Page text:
versão impressa ISSN 0100-8455
Braz. J. Genet. v.20 n.3 Ribeirão Preto set. 1997
Chromosome studies in southern Brazilian wheat pest aphids Sitobion avenae, Schizaphis graminum, and Methopolophium dirhodum (Homoptera: Aphididae)
Verónica E. Rubín de Celis1,3, Dirceu N. Gassen2, Marisa C. Santos-Colares1,
Alice K. Oliveira1 and Vera L.S. Valente1
1Departamento de Genética, Instituto de Biociências,
Universidade Federal do Rio Grande do Sul, Caixa Postal 15053, 91501-970
Porto Alegre, RS, Brasil. Send correspondence to V.L.S.V.
2Centro Nacional de Pesquisa do Trigo, Empresa Brasileira de Pesquisa Agropecuária
(CNPT-EMBRAPA), Caixa Postal 569, 99001-970 Passo Fundo, RS, Brasil.
3Facultad de Ciencias Biologicas, Laboratorio de Entomología, Universidad Ricardo Palma,
Casilla Postal 138, Lima 18, Lima, Perú.
We examined the chromosome set of the aphid species Sitobion avenae, Schizaphis graminum and Methopolophium dirhodum by means of conventional staining and C, NOR, AluI and HaeIII banding methods. These species are considered important pests to several plants of economic interest in Brazil. No variation was observed in the number of chromosomes of S. avenae, whereas there was intraspecific variation in the other two species. Interspecific differences in the response to the banding treatments were observed. Whereas these techniques allowed the identification of several S. graminum chromosome pairs, only the AluI treatment was capable of inducing differential staining in the M. dirhodum chromosomes and no clear patterns emerged when the S. avenae preparations were treated.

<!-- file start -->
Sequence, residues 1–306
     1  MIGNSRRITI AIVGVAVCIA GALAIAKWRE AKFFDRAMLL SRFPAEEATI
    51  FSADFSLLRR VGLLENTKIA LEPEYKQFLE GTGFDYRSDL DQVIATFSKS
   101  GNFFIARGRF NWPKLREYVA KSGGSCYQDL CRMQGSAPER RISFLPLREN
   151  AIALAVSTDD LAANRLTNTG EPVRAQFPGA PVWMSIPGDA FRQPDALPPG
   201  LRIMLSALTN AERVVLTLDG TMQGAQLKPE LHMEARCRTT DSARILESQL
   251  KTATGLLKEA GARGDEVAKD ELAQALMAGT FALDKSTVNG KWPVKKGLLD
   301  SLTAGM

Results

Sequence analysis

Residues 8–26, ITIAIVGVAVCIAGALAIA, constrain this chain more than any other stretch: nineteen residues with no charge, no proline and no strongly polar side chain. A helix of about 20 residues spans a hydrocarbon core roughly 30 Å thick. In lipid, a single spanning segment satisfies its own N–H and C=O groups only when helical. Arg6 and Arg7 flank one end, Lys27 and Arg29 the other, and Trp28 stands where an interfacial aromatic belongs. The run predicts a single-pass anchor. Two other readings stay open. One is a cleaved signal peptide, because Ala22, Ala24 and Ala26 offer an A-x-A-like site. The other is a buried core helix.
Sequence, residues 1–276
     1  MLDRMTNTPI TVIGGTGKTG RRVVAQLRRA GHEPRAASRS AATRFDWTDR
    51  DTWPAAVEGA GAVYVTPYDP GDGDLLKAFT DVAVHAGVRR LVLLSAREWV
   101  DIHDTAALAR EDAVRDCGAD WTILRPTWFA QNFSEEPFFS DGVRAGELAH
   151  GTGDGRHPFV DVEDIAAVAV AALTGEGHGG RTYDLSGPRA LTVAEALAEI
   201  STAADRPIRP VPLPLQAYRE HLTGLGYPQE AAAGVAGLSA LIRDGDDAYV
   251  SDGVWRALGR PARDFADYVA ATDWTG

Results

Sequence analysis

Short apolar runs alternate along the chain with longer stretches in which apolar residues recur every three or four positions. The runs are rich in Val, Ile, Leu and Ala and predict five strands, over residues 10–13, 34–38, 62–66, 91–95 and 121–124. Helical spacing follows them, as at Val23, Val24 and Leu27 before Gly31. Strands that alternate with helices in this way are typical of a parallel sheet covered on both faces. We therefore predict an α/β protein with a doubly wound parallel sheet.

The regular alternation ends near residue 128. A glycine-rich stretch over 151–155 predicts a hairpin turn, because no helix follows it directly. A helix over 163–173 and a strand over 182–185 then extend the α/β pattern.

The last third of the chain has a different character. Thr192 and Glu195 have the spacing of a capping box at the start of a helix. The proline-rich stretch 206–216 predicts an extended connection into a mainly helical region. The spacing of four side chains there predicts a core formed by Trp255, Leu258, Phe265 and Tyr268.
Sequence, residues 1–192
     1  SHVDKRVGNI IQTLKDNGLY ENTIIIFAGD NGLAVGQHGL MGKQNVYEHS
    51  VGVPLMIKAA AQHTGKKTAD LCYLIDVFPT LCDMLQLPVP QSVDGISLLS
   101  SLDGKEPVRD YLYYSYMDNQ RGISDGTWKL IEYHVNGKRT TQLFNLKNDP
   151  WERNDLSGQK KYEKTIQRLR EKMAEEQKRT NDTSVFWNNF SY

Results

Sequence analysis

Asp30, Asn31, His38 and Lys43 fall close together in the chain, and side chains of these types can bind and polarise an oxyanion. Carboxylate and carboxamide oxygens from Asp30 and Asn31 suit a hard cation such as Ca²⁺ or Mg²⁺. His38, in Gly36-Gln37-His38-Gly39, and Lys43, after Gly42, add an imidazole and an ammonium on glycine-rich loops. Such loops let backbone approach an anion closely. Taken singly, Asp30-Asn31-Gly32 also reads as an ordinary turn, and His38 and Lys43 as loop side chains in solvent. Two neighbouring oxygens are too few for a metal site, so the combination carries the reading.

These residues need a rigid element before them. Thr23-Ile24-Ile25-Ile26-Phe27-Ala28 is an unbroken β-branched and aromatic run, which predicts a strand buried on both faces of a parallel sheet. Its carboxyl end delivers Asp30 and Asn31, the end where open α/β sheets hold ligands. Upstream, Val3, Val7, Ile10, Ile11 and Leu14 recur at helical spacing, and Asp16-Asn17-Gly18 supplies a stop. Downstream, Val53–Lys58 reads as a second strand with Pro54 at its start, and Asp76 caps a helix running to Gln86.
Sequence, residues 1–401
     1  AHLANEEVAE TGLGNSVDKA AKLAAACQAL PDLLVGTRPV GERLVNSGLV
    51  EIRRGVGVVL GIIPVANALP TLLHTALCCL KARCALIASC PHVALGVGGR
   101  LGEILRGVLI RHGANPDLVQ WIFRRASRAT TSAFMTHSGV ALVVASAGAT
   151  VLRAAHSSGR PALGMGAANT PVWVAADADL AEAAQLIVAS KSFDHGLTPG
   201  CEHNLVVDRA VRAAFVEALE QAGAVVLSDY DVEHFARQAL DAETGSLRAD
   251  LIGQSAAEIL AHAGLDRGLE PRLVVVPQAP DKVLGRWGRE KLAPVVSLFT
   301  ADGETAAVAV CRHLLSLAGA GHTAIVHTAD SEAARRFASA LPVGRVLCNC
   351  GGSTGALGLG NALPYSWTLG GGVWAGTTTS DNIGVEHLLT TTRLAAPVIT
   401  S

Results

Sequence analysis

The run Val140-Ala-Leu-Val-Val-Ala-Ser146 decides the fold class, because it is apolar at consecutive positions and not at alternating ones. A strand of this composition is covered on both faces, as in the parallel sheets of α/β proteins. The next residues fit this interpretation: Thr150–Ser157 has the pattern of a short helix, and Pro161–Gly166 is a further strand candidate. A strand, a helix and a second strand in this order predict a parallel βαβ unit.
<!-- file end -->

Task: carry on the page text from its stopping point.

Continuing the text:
Cytogenetic studies that consider both the morphology and the chromosomal numbers of aphids can be extremely useful to the taxonomist (Blackman, 1980a,b, 1981). The ubiquitous condition of holocentrism, found in the aphid chromosomes, however, makes the proper recognition of each chromosome pair very difficult (reviews in Blackman, 1981, 1990). In this type of chromosome the centromeric activity is diffused throughout the length of the chromosomes (Blackman, 1987). As stressed later by this author (Blackman, 1990), due to such characteristics, aphid chromosomes are difficult material for the cytogeneticist.
Great variability in chromosome number seems to be the main characteristic of these insects (Blackman, 1978, 1980, 1990; Khuda-Bukhsh and Kar, 1990; Panigrahi and Patnaik, 1991). As a result of this variability, these authors considered that aphids have not yet achieved complete stability in their chromosomal number, probably due to the holocentric nature of the latter. A considerable body of knowledge on this subject is presently available but it was obtained without using banding techniques, thus limiting their usefulness for cytotaxonomic purposes.
Recent studies such as those of Manicardi et al. (1991) applied C, G, AluI and HaeIII banding techniques to the chromosomes of the aphid Megoura viciae, which considerably improved the ability to identify chromosome pairs, especially the X, and autosomes 1 and 2.
Until now only a single study has been performed with Neotropical pest aphids at the chromosomal level (Rubín de Celis and Ortiz, 1993), which described the chromosome number of Chaitophorus leucomelas, an aphid pest to the Populus sp. álamo (Salicaceae) crops in Lima, Peru.